The world of engineering can be a bit complex, and that’s an understatement. For people who are new to the field or perhaps only need an engineer briefly, the abundance of terms and phrases used by engineers can be overwhelming. To assist those who are new, ORB has compiled a list of terms and definitions most commonly used in our field, structural engineering.
Architecture: the art or practice of designing and constructing buildings
Brace, Bracing: Diagonal members (or rigid membranes) providing rigidity to a structure.
Building services: Plumbing, electrical wiring, ventilation, gas supply and other support systems in a building.
Cantilever: Overhanging beam, roof or floor.
Civil Engineering: a broad term that deals with the design, construction, and maintenance of physical and naturally built environment. It contains many sub-fields, including structural engineering.
Codes: Regulations, ordinances, or statutory requirements of a government relating to building construction and occupancy, generally adopted and administered for the protection of public health, safety and welfare.
Computer aided design (CAD): Commonly abbreviated as CAD, or CADD for computer-aided design and drafting. The type of computer program with which technical drawings are prepared. The market leader is AutoCAD but there are others.
Contractor: The designation reserved by law for a person or organization qualified and duly licensed to provide contracting services. The contractor is the individual or entity with whom the owner enters into a construction contract to provide the construction services for a specific project.
Dormer: A window projecting from the slope of a roof.
Dowel: (Concrete) A steel bar for transferring load across a joint. (Joinery) A timber molding with a circular cross section.
Fascia: In roof construction, a decorative board fixed to the ends of the rafters. Also the name board over a shop-front.
Load bearing: Designed to support a load in addition to its own weight.
Masonry: In general usage this describes work constructed of stone, but technically the term masonry also includes brickwork and blockwork.
Non-Structural Elements: Elements of a building that are not structural elements, but are attached to them, such as ceilings, mechanical and electrical equipment, and cladding.
Prestressed concrete: Concrete strengthened with steel wires which are stressed before the concrete is poured.
Professional Engineer: The designation of a registered engineer who provides engineering services. These services may include, but are not necessarily limited to, development of project requirements; creation and development of project design; preparation of drawings, specifications and bidding requirements; and providing professional services during the construction phase of the project.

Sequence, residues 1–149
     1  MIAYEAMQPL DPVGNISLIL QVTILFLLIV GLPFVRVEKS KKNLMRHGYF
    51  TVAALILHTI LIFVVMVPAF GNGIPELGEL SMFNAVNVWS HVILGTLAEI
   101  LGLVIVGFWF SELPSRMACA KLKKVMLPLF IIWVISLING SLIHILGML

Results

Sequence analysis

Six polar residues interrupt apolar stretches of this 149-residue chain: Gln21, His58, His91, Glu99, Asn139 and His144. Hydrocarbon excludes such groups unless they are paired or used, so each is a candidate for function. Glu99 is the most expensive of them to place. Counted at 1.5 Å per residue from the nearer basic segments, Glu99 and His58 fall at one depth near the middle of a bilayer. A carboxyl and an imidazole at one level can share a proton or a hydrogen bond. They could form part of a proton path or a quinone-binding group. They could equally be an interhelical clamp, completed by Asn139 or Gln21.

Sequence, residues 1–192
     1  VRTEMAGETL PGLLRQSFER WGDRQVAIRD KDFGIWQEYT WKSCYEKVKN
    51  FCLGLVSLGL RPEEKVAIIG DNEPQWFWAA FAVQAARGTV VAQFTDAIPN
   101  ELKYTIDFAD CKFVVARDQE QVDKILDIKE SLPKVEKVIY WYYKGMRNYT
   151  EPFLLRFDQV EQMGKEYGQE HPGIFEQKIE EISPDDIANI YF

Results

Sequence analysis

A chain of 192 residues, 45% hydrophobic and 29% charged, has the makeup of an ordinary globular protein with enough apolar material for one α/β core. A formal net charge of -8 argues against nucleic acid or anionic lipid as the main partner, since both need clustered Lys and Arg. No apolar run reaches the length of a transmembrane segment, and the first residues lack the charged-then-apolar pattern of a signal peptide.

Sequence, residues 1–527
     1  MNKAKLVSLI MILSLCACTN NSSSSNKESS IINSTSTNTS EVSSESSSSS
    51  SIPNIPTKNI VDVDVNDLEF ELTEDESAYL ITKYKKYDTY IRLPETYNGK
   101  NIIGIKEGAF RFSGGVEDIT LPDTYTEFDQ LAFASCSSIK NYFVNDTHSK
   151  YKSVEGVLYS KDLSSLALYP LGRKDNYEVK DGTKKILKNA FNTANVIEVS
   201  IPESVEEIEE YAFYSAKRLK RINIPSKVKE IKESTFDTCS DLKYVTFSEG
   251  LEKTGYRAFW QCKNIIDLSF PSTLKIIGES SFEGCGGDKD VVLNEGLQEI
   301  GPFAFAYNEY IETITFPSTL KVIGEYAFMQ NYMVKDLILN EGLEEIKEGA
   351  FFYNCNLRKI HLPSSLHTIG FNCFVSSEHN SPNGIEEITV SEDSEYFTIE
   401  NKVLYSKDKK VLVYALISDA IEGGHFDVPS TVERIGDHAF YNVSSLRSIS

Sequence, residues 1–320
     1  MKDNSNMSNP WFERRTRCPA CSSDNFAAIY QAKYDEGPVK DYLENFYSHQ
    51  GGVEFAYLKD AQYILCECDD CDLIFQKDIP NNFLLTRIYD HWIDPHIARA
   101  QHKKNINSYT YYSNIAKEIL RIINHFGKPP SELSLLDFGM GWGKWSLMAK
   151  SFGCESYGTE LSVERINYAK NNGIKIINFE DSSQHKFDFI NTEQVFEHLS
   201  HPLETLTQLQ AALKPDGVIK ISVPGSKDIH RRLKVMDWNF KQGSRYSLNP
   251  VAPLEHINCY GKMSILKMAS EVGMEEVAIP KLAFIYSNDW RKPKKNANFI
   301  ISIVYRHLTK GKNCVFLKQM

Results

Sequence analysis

Purlin: A horizontal structural member which supports a sloping roof covering, with or without rafters, and which carries the roof loads to the primary framing members.
Reinforced concrete: Concrete reinforced with steel bars to make a versatile structural material which is very strong in bending, shear, tension and compression, unlike plain concrete which is strong only in compression.
Shop Drawing: All drawings, diagrams, illustrations, schedules and other data or information that are specifically prepared or assembled by or for a contractor, and submitted by a contractor to an architect or engineer to illustrate in detail some portion of the work.
Structural Element: A single structural member such as a beam, column, wall, brace, truss, or foundation that, when combined with others, forms the structural system.
Structural Engineering: the field that deals with the structural design and structural analysis of nearly any type of structure, from tunnels to towers.
Truss: An arrangement of steel or timber components designed to span across a large distance to support a roof, floor or bridge.
Value Engineering: The process of suggesting alternative systems, materials, and methods to reduce the cost and/or enhance the value of the project.
Wind Load: The force on a structure arising from the impact of wind on it.
This is just a brief list of the industry terminology structural engineers commonly use. If you have a structural engineering question and cannot find your term above, give us a shout and we will be sure to help you out!
More to come soon.